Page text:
The aim of this book is not to enter the debate, but to inform by presenting a picture of the work of one caregiver, and by reporting the things I've witnessed and experienced during years of work with marijuana as medicine.

The book is organized as an anecdotal collection, little glimpses of my experiences with patients and some of the different kinds of people, conditions and situations I've encountered.  There is wide variety in the people I've served and the health conditions they've suffered.  They are from every socioeconomic group.  They live everywhere, from the park to Park Place, from the city streets to City Hall.  They represent every kind of cancer and other health condition there is.  Their stories will tell the medical marijuana story.

Cancer comes to all.  It will come to you or someone close to you.  Marijuana would make a difference.  Will marijuana be among your options?  Will the research continue?  Will your doctor be free to prescribe marijuana?  Will there be a caregiver to serve you or your loved one?  Will there be a dispensary or co-op to supply your meds?  Will you be free to grow marijuana for yourself or your loved one?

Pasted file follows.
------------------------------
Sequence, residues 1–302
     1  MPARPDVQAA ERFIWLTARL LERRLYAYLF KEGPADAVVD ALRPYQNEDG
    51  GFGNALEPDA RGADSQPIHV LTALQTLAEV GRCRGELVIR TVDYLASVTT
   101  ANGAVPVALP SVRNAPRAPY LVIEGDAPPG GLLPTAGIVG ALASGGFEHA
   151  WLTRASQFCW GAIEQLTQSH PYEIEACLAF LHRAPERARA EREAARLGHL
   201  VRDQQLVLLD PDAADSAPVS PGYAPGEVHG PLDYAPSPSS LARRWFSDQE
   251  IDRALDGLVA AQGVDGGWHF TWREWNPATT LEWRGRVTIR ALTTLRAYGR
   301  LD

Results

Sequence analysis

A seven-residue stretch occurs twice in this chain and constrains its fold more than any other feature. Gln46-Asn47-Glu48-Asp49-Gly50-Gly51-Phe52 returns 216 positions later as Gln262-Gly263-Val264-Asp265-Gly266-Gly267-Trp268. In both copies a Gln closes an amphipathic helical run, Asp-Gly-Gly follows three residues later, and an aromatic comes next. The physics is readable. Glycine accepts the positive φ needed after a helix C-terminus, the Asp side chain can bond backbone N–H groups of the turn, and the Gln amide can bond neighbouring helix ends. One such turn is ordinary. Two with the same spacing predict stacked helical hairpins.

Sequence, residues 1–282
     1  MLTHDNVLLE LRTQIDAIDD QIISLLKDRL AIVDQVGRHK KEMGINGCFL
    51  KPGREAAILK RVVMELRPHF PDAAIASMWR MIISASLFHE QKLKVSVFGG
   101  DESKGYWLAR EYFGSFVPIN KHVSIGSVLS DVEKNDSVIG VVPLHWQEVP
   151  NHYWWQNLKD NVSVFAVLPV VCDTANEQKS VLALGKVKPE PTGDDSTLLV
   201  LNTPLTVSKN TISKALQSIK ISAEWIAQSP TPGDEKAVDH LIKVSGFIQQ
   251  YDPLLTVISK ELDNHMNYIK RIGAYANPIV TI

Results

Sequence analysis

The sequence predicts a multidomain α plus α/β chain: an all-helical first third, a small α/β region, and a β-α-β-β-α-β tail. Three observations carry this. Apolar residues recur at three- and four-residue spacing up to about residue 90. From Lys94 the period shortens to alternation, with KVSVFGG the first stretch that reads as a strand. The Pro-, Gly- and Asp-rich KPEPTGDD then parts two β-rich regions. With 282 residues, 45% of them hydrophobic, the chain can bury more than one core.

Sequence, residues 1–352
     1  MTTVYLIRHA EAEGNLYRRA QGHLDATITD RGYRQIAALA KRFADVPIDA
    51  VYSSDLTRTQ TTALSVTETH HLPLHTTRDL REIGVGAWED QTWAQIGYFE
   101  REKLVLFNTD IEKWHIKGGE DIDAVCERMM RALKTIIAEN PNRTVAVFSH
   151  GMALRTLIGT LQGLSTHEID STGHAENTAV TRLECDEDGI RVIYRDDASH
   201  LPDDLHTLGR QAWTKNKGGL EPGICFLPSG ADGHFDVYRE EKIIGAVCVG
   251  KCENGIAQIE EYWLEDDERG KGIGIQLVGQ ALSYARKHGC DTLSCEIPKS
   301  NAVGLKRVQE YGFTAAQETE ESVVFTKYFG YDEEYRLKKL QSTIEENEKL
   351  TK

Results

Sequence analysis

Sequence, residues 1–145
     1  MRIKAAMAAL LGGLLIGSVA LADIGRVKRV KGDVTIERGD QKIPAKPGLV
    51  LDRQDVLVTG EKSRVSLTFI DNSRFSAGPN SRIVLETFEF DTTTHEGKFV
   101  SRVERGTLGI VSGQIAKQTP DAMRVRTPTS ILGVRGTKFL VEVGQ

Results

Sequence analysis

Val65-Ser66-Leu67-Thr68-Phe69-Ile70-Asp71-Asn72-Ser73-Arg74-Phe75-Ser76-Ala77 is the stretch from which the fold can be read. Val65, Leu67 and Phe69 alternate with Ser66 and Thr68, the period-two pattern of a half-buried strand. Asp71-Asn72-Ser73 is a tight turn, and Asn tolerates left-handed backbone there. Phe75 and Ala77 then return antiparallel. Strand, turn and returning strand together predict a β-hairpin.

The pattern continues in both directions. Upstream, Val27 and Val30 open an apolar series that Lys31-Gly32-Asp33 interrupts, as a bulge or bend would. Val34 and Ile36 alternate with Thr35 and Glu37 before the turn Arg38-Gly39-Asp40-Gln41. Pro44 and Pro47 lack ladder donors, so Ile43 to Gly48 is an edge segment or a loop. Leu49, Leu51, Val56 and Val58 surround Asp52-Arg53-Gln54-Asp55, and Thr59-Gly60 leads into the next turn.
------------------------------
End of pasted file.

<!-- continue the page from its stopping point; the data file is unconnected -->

Reader Reviews for "Introduction to Medical Marijuana Caregiver's Journal"

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Reviewed by Karla Dorman, The StormSpinner 4/24/2008
Not just CA - also chronic pain - been living with pinched nerves in back for 24 years, all the VA gives me is Tylenol and Motrin - not even a muscle relaxant - for 24 years, been living on Tylenol and Motrin!!!!!!! Now my neck is starting up with pinched nerves - and they're getting on my LAST nerve. Anything that brings relief should be allowed, within reason - this, from a sufferer of pain. No, I don't smoke marijuana. If it was readily, legally available, I would in a heartbeat!!!!! I would like to read more of this book - have to wait to get some extra $$, VA doesn't pay worth BEANS.